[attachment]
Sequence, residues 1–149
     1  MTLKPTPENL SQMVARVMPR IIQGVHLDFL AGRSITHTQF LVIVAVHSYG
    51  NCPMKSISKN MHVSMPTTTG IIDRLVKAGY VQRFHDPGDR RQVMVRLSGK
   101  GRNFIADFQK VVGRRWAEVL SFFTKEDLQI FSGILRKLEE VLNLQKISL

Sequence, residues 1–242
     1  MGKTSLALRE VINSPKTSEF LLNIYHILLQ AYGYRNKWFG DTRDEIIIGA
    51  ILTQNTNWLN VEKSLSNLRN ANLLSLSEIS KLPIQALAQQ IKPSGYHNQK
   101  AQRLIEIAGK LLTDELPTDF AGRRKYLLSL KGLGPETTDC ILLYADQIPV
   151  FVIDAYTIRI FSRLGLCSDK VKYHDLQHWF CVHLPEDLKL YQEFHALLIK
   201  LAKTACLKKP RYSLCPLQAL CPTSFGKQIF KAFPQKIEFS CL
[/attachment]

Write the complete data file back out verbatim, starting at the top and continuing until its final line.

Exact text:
Sequence, residues 1–149
     1  MTLKPTPENL SQMVARVMPR IIQGVHLDFL AGRSITHTQF LVIVAVHSYG
    51  NCPMKSISKN MHVSMPTTTG IIDRLVKAGY VQRFHDPGDR RQVMVRLSGK
   101  GRNFIADFQK VVGRRWAEVL SFFTKEDLQI FSGILRKLEE VLNLQKISL

Sequence, residues 1–242
     1  MGKTSLALRE VINSPKTSEF LLNIYHILLQ AYGYRNKWFG DTRDEIIIGA
    51  ILTQNTNWLN VEKSLSNLRN ANLLSLSEIS KLPIQALAQQ IKPSGYHNQK
   101  AQRLIEIAGK LLTDELPTDF AGRRKYLLSL KGLGPETTDC ILLYADQIPV
   151  FVIDAYTIRI FSRLGLCSDK VKYHDLQHWF CVHLPEDLKL YQEFHALLIK
   201  LAKTACLKKP RYSLCPLQAL CPTSFGKQIF KAFPQKIEFS CL